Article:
New findings from the Uptime Institute have suggested that the consequences of downtime are worsening, as the digital infrastructure sector struggles to reduce the severity and frequency of outages.
The Uptime Institute’s 2022 Outage Analysis report, which draws data from information supplied by the institute’s members as well as its database of publicly reported outages, explores the latest digital infrastructure failure rates, the increasing impact and costs of outages, as well as top downtime causes.
The report found that high outage rates haven’t changed significantly, with one in five organisations experiencing a ‘serious’ or ‘severe’ outage in the past three years, marking a slight increase in major outages.
According to the findings, more than 60% of failures resulted in at least $100,000 of losses – a big increase from the 39% reported in 2019. Outages that cost $1 million or over also increased from 11% to 15% over this period.
Power-related outages accounted for 43% of ‘significant’ outages – causing downtime and financial loss – with UPS failures being the biggest cause of power incidents. Networking issues were found to be causing a large portion of IT outages, while inadequate or ignored procedures were the main cause of the majority of human error-related outages.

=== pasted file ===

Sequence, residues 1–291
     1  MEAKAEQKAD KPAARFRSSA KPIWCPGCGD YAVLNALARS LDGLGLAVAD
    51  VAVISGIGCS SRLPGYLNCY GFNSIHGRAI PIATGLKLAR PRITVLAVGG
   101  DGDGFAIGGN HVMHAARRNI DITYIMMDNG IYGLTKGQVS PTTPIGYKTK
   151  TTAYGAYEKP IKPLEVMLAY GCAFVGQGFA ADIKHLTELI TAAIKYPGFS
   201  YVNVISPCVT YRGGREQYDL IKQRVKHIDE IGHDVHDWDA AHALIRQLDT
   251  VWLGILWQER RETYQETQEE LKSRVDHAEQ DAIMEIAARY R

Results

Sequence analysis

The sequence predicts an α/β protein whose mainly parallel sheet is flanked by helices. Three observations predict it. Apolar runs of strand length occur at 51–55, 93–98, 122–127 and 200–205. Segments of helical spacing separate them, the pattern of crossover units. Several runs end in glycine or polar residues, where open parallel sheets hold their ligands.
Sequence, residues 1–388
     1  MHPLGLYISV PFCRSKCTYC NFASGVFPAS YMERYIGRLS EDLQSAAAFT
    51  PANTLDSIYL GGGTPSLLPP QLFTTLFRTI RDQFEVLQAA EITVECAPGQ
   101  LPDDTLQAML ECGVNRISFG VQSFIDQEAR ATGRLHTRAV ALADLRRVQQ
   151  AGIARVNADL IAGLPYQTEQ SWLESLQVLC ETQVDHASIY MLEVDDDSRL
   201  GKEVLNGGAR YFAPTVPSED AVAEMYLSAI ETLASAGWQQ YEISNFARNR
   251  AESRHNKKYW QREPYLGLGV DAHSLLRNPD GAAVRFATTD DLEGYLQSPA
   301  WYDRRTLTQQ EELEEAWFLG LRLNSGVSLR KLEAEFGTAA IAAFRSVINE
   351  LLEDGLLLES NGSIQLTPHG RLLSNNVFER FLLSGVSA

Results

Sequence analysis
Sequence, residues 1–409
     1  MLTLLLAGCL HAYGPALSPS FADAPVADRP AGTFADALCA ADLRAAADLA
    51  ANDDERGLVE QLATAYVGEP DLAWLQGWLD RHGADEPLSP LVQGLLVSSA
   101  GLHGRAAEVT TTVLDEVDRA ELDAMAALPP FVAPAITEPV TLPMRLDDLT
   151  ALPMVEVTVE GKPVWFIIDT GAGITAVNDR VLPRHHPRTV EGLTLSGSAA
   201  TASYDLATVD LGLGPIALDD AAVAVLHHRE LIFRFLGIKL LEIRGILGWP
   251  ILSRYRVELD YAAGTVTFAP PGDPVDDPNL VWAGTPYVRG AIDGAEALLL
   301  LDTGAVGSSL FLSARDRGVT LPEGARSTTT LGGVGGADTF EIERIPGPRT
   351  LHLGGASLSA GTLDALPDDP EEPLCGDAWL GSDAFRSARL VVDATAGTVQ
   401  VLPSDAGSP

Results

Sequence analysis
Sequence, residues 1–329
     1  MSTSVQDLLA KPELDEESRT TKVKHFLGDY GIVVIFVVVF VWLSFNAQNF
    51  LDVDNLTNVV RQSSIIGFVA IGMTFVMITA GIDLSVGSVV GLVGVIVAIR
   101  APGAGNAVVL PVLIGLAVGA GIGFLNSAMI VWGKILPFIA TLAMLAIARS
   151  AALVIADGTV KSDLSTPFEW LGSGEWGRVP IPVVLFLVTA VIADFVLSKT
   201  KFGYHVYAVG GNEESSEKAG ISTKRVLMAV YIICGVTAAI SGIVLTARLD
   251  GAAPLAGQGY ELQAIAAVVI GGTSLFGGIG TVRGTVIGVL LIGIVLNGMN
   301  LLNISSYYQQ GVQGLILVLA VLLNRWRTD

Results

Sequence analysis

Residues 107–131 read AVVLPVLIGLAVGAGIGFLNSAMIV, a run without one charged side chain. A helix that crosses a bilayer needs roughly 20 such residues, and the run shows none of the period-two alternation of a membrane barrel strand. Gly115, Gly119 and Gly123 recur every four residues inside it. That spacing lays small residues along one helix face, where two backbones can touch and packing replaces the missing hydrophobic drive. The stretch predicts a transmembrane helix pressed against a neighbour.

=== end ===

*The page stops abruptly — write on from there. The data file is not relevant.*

The report also suggested that there will be at least 20 high-profile IT outages worldwide each year, in-line with public outage trends. In 2021, 27 out 108 publicly reported were serious or severe – a ratio that has been consistent since 2016, when the Uptime Intelligence team began cataloging major outages.
“Digital infrastructure operators are still struggling to meet the high standards that customers expect and service level agreements demand – despite improving technologies and the industry’s strong investment in resiliency and downtime prevention,” said Andy Lawrence, founding member and Executive Director, Uptime Institute Intelligence.
“The lack of improvement in overall outage rates is partly the result of the immensity of recent investment in digital infrastructure, and all the associated complexity that operators face as they transition to hybrid, distributed architectures,” he added. “In time, both the technology and operational practices will improve, but at present, outages remain a top concern for customers, investors, and regulators. Operators will be best able to meet the challenge with rigorous staff training and operational procedures to mitigate the human error behind many of these failures.”